Spring standstill

Stillwater High quarterback Gunnar Gundy (12) throws a pass to one of his receivers during a 7-on-7 drill at practice in May at Pioneer Stadium.

It is the time of the year where Earth stands still for nine days. 

That is, at least, how it is for high school athletes in the state, as the Oklahoma Secondary Schools Activities Association is in the midst of its first dead period. 

There are critics of it out there, but I am all for it. 

The new rule started June 29 and goes until Saturday. With the dead period, athletes are not allowed to access school facilities for any sporting activities and cannot be in contact with their coaches. 

After talking with other states’ high school athletic organizations with similar rules, the OSSAA approved the period in the spring of last year. The passage was met with mixed reaction. Some coaches liked the rule, while others said they felt it hindered their teams’ summer schedule.

Regardless, the OSSAA has gone ahead with it, and the test run is upon us. 

School gyms and football fields are empty. The dirt on infields is untouched. Competitive swimming pools are placid. 

It is almost eerie thinking that no high school sports team will practice in this nine-day span, but I think it is one of the best things the OSSAA has done. 

The contest of teams outworking others has gotten out of hand. The belief that being in the weight room one more day than an opponent has driven some teams to crazy schedules. In fact, it has started costing kids their summer.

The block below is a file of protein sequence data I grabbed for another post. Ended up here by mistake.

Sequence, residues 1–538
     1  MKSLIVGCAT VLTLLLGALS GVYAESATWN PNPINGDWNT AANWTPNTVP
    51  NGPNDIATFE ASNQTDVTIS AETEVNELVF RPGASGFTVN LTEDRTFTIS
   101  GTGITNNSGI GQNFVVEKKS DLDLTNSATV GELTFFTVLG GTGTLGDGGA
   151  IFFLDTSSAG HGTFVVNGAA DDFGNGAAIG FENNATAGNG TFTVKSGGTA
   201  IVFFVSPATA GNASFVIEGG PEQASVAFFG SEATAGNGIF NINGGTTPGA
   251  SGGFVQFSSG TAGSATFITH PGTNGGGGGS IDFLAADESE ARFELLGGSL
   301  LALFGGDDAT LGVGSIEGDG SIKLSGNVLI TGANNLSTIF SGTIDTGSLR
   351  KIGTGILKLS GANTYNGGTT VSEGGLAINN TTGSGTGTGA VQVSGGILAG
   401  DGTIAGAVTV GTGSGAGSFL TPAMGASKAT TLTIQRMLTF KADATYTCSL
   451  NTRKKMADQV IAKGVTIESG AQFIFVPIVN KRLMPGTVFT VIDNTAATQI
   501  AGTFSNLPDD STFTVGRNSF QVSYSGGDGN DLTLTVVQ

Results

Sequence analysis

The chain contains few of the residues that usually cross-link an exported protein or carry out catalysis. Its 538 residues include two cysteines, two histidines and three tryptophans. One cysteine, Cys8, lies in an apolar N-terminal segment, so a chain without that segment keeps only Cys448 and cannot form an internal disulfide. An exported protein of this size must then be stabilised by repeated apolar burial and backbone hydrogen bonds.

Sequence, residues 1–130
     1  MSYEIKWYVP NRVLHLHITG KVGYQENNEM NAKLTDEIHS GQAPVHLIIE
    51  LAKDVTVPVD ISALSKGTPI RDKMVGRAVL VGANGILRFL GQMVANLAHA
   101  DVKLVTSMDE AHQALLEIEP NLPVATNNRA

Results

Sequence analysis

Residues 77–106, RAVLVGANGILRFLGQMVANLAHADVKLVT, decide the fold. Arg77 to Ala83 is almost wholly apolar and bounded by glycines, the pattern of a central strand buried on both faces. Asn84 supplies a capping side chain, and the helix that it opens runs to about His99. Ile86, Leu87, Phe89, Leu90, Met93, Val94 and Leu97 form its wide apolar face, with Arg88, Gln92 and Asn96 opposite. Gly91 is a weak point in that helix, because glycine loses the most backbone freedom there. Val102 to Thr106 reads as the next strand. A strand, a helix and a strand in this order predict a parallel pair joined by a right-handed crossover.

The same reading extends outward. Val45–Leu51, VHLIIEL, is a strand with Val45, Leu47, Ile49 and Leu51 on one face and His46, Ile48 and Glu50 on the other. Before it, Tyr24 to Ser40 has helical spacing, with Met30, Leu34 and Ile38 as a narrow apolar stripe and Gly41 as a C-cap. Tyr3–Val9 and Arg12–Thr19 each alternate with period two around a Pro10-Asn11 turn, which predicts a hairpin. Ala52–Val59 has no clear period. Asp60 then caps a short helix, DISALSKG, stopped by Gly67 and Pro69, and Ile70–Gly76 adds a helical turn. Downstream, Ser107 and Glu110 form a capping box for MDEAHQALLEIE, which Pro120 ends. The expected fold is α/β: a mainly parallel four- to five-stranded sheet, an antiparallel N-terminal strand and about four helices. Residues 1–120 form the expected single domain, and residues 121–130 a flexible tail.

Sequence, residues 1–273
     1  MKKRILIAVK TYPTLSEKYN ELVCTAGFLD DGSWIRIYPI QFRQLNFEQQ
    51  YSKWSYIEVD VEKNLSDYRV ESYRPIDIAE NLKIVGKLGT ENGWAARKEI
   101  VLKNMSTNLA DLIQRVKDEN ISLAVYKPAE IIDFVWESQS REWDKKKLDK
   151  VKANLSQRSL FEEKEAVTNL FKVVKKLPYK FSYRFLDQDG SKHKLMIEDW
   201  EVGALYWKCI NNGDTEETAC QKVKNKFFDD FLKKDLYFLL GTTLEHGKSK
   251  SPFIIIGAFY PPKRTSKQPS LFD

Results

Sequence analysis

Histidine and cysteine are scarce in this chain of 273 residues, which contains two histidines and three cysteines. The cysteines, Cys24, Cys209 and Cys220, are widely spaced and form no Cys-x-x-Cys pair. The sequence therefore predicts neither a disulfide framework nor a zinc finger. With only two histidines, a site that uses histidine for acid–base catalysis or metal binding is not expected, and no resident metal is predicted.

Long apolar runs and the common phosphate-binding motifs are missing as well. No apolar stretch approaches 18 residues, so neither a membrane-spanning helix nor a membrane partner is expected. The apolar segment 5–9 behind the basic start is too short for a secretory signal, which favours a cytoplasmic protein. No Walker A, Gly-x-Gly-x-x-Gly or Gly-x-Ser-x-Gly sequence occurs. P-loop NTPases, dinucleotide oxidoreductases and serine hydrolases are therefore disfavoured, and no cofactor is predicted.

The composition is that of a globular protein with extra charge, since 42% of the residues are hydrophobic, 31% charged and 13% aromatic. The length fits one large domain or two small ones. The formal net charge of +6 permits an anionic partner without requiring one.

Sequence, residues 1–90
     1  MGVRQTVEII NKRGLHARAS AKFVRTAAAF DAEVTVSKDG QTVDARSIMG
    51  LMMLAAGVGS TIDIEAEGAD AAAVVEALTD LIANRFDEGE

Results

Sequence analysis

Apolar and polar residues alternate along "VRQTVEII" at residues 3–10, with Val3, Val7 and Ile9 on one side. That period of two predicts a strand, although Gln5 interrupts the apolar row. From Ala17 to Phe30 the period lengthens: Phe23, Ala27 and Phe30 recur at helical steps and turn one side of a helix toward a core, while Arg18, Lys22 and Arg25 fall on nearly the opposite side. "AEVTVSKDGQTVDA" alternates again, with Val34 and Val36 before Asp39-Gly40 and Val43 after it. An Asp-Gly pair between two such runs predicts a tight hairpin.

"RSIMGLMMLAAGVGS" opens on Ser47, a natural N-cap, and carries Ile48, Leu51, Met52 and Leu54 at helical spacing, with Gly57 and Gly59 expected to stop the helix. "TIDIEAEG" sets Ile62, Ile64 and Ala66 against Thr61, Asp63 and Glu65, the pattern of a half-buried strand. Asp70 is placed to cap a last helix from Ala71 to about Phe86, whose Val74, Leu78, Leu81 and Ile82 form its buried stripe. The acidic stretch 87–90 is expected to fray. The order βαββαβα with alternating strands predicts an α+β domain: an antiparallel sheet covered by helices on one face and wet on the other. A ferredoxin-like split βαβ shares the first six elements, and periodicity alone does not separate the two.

Don’t get me wrong, I am all for summer workouts. I just don’t believe it should be every day. There are so many more things to a summer break than making a sport seem like a job. 

One of those things is relaxation, which can be a big part of anyone’s success. Whether it is hanging out with friends, playing video games or anything of the sort, this dead period allows kids to be kids for nine days. No stress. Just time to clear minds.

I understand there will still be athletes in the state who still go and work out every day during the period. That is great, because it is their choice. I am just thinking of my high school self and what he would want, which would include a few days to sleep until noon. The dead period allows this for some athletes who might have not had that opportunity in previous summers.

On top of this, in the bigger picture, nine lost days of working out will not change much when the sport seasons roll around. It will not win or lose games. It will not change the quality of play.

I applaud the OSSAA for passing and implementing this dead period. It’s a step toward realizing that sports are not life and death. I encourage the OSSAA to look into extending the dead period to two or even three weeks. 

While the fields and courts are empty this week, just know that some kids that usually inhabit those areas are making lifelong memories with their friends out and about instead of doing a routine workout. 

A reminder like that makes a rule like this worth it.

Sam Henderson is a contributor for The Stillwater News Press and is going into his junior year at Oklahoma State University.